Killing Zoe (1994) from Johnny Web (Uncle Scoopy; Greg Wroblewski)

Killing Zoe was written and directed by Roger Avary, whose claim to fame is inextricably intertwined with a video store which used to employ him. You see, that same store concurrently employed a gentleman named Tarantino. The two men met, and started to develop some joint projects. Avary wrote some additional dialogue for Reservoir Dogs, is mentioned as an uncredited co-writer on True Romance, and is considered a source for some of the individual stories in Pulp Fiction, which came out about the same time as Killing Zoe.

Although Pulp Fiction carried Avary's erstwhile writing partner to fame, Killing Zoe seems to have carried Avary himself to obscurity. The IMDb lists no writing or directing credits of any kind for him in the years 1996-2001.

Like Tarantino, his oeuvre is the adolescent masturbatory fantasy.

  • None of the characters bear any resemblance to any real people. 
  • All characters react to things that irritate them by shooting them. That's somewhat misleading, because characters also shoot things they do like, and things which they have no feelings about. 
  • All violence is excessive, and often stylized. 
  • No man has never met any woman who was not originally a hooker. (This eliminates the need for establishing a relationship with the woman, which would normally be essential prior to bedding her.) But when they sleep with those hookers, the girls experience their first-ever orgasms, and are forever changed. 
  • All prostitutes and strippers are beautiful, and have entered that life enthusiastically, and are actually working their way through college. They have all gone to the Julia Roberts school of prostitution, and have probably only had a couple previous clients, if any.
  • It is essential to this genre that the writer/directors have never actually met any real gangsters or lowlifes. No reality must impinge on the fantasy.
  • It is also helpful if the writer/director has never actually gotten laid, therefore eliminating the possibility of spoiling the fantasy with any genuine male-female interaction.
Tarantino has some unique elements in his best work that can make his masturbatory fantasies fun to watch. He has a sense of humor, and a special gift for humorously irrelevant dialogue and trivial background details. His imitators can rarely say the same. 


I guess you might call Killing Zoe "the parts they didn't show in Reservoir Dogs", somehow crossed with a low-budget Eurotrash film.

Eric Stoltz plays a safecracker who journeys to Paris (which is played by Los Angeles) to help an old school chum pull a bank job. On the taxi ride to his hotel, the cabbie fixes him up with a call girl. He gives the beautiful, fresh-looking call girl her first orgasm. It turns out that she only works as a part-time call girl to work her way through college.

DVD info from Amazon.

  • Widescreen anamorphic, 1.85:1 (contrary to the ads, there is no fullscreen version)

  • no meaningful features

The chum shows up, finds the hooker and throws her out in the hall naked.

The boys then go off to a night of serious drug abuse, from which they awake to head over to the bank. The bank turns into a charnel-house, the robbery a botched disaster of cavalier violence, slaughtered hostages, suicides, etc. It turns out that the chum is dying of AIDS, and has neither regard for any human life, nor fear for his own death. Perhaps the entire mission is his form of suicide. Unfortunately, Stoltz is along for the ride.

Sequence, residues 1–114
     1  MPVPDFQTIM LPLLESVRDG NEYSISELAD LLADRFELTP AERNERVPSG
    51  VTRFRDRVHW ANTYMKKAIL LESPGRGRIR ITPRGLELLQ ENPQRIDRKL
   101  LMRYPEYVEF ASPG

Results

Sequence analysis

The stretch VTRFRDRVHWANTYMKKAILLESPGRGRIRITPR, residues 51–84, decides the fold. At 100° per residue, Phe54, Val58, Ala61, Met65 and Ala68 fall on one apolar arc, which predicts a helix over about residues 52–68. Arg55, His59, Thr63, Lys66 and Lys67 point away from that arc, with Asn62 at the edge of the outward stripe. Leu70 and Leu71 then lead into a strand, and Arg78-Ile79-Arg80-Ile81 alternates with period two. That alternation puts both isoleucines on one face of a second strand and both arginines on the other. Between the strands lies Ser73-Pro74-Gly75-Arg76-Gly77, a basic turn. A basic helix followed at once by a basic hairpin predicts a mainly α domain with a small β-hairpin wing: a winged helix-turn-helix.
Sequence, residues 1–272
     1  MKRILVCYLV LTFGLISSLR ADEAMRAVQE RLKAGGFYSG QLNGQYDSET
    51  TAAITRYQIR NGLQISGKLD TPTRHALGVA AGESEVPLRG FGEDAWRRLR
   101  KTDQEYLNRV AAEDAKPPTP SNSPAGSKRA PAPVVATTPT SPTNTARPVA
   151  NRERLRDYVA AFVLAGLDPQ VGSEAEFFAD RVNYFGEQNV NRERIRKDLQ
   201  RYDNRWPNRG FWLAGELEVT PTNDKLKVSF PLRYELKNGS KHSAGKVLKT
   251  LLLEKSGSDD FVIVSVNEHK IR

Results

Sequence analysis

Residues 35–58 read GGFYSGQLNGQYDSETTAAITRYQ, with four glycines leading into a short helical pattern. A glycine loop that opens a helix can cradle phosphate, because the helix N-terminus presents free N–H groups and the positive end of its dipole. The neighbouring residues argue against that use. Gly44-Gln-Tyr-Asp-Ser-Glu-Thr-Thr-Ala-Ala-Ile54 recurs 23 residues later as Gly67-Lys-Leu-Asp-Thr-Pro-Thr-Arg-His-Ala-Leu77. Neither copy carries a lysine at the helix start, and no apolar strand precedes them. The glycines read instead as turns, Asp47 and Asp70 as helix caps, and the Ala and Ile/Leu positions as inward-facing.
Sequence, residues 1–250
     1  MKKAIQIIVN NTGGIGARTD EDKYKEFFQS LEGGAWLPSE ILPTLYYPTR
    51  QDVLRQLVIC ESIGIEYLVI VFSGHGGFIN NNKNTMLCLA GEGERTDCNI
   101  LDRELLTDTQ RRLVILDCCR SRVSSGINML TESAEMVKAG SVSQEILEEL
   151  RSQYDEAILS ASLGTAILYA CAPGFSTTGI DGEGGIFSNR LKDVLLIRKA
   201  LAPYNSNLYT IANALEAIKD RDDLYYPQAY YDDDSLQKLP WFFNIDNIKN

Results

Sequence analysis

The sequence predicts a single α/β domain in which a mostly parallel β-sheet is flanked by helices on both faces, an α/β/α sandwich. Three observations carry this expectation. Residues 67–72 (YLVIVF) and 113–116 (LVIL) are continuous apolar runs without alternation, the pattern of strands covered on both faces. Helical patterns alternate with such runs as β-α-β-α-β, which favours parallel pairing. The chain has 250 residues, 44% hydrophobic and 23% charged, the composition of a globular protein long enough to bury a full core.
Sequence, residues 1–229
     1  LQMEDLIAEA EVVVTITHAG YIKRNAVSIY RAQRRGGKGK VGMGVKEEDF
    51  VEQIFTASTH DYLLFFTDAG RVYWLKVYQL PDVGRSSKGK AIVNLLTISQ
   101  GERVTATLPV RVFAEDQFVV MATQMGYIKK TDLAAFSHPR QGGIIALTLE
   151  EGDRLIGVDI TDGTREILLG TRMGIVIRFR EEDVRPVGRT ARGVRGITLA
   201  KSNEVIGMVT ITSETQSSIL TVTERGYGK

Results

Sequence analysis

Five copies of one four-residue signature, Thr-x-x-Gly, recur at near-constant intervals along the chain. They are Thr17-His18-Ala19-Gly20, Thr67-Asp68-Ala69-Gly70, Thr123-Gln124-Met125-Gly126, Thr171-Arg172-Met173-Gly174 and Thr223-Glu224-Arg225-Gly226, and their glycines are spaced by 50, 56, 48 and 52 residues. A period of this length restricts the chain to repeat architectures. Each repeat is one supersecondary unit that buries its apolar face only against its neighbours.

Oh yeah, and you remember that Stoltz only knows one woman in the entire city of Paris? Guess where she works? At the bank they chose to rob! You don't think that's a silly enough coincidence? Well, remember she doesn't have a job at all. She is a student who does an occasional trick to work her way through the uni. So we're not just looking at the odds of finding one random woman in a random bank in a city of millions, but rather the odds of finding one random unemployed woman working in a random bank in a city of millions. In other words, you have to believe that OJ is innocent and that OJ's wife was actually killed by Amerigo Vespucci. 

Or maybe all highly-compensated prostitutes also have full-time minimum wage jobs. 

The Critics Vote

  • General consensus: two and a half stars. Ebert 2.5/4, Berardinelli 2.5/4, Leonard Maltin 2.5/4, Apollo 55/100.

  • Rotten Tomatoes summary. Twelve articles on file

The People Vote ...

  • With their votes ... IMDB summary: IMDb voters score it 6.2, Apollo users 27/100. 
  • Gross $400,000
IMDb guideline: 7.5 usually indicates a level of excellence, about like three and a half stars from the critics. 6.0 usually indicates lukewarm watchability, about like two and a half stars from the critics. The fives are generally not worthwhile unless they are really your kind of material, about like two stars from the critics. Films under five are generally awful even if you like that kind of film, equivalent to about one and a half stars from the critics or less, depending on just how far below five the rating is.

My own guideline: A means the movie is so good it will appeal to you even if you hate the genre. B means the movie is not good enough to win you over if you hate the genre, but is good enough to do so if you have an open mind about this type of film. C means it will only appeal to genre addicts, and has no crossover appeal. D means you'll hate it even if you like the genre. E means that you'll hate it even if you love the genre. F means that the film is not only unappealing across-the-board, but technically inept as well.

Based on this description, this film is a C-, barely tolerable to genre fanatics, given a genre of "adolescent masturbatory fantasies". If you don't like that kind of movie, it is unwatchable.

Return to the Movie House home page